• Move.
  • Attack.
  • Aim.
  • Dodge.
  • Recover.
  • Card.
  • Standby.

Moving, as the name suggests, allows you to cross the battlefield with your units. The game comes with three movement tools, and each unit has a specific movement range varying from 1-3. When moving a trooper squadron you move the unit’s leader the designated range, then bring all his fellow troops into cohesion. Vehicle movement is slightly different, in that the tool clips into place with the front base of the vehicle, and vehicles can also pivot and reverse.

Attacking allows you to engage the enemy units. Each unit card designates the range and amount of dice added to your attack total. This can be further enhanced by your army building skills, adding heavy weapons teams to your trooper units, or specific hard point weapons to your vehicles. The dice can roll one of four options; blank (a miss), a hit, a critical hit, or a surge. Some units can convert surges to hits, whilst others cannot.

Once finished you count the amount of hits & criticals obtained, and this is how many wounds you are inflicting. The enemy now gets the chance to roll defence dice for each of these hits, (possibly saving). Combat is obviously much more complicated than this brief overview – lots of other elements can come into effect – such as spending dodge and aim tokens to hinder/aid your own/your opponent's attack, and many weapons have ‘keywords’ which come into effect.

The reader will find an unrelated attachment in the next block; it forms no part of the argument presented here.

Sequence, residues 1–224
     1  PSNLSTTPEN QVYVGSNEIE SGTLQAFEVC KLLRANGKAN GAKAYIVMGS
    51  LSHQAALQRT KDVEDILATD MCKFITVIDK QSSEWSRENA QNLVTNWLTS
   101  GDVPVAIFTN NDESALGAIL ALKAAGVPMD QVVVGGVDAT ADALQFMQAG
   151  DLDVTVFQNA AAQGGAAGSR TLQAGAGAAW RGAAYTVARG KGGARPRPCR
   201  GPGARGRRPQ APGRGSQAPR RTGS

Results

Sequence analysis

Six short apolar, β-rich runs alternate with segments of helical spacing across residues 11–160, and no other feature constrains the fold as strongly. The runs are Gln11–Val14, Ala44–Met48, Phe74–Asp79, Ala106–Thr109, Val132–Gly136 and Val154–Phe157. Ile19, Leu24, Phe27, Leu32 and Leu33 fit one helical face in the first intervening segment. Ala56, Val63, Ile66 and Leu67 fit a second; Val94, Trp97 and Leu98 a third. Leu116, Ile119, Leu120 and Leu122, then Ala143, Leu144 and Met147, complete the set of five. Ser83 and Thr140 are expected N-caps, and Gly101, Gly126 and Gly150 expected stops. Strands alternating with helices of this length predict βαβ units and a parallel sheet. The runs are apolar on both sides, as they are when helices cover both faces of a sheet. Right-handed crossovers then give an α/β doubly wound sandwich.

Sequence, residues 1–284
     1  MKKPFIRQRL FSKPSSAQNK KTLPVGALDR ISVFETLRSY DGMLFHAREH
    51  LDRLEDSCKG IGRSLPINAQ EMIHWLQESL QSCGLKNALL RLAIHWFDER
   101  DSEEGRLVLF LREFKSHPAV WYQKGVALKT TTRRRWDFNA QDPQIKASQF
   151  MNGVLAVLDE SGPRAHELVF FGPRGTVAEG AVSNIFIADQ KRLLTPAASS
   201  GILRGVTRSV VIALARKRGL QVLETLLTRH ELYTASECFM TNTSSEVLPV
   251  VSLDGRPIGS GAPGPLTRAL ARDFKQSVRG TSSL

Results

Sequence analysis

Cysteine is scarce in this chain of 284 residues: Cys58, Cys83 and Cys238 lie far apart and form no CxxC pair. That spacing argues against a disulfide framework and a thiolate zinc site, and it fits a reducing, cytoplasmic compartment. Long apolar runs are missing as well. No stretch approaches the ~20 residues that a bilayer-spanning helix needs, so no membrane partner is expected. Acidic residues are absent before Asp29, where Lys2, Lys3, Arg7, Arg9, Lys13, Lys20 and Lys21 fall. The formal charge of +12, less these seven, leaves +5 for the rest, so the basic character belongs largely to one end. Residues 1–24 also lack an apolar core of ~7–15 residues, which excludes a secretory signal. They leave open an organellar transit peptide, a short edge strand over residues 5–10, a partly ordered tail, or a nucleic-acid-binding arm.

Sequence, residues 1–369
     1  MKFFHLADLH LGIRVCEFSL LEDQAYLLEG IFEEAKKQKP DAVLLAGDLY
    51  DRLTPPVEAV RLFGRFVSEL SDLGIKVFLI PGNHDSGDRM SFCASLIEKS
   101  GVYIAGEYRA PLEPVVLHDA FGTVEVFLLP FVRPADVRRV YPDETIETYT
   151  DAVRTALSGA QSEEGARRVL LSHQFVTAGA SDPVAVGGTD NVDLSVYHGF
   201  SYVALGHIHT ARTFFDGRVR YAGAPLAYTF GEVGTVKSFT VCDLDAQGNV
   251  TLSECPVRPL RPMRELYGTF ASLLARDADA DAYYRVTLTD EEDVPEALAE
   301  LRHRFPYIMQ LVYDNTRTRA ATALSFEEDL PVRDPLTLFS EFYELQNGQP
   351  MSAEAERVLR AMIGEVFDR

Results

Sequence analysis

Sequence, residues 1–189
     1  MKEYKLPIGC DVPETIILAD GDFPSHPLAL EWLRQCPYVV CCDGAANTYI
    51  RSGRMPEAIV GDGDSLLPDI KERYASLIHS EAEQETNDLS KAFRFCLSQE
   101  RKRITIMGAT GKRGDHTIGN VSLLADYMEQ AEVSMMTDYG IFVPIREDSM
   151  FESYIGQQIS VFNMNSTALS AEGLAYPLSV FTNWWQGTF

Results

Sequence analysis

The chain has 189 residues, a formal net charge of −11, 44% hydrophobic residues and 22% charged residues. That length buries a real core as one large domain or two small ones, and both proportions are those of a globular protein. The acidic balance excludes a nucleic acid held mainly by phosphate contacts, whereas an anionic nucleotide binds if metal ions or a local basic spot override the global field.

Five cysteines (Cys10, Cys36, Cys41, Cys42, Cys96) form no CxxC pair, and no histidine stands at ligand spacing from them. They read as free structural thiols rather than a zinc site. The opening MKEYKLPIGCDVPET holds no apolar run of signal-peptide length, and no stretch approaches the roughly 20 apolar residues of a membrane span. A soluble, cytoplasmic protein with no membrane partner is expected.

Dodge and Aim actions give you their respective counters, and Aim tokens can be spent to re-roll attack dice, Dodge tokens to cancel incoming hits. Recover allows you to ready all your exhausted cards (heavy weapons such as Imperial Rocket Launchers require re-loading once fired), and remove all suppression tokens.

Card actions enable you to take the action as per specified on the card. Standby puts the unit into ‘over-watch’ mode, enabling the unit to react to enemy movement or attacks. In the end phase, various house-keeping rules come into effect, unused Aim and Dodge tokens for example, are removed from units.

Army Building & Thoughts

Star Wars Legion really comes into its own when you come to customise your army. In a standard game of Legion, each side gets to spend 800 points worth on troops. You are limited as to how many of the more powerful units you can bring to bear, for example, each side can only have up to two heavy units, the Imperials for example will only be bringing a maximum of two AT-ST’s to the battle.

The mini cards which appear in the Core Set and the expansions, further enhance each unit, you can customise what gear you want to give each unit. Each unit card lists on the left-hand side what gear options you can give them, each slot can hold one mini-card, so you can customise each unit to your preference and liking, do you want it to be anti-vehicle or anti-infantry?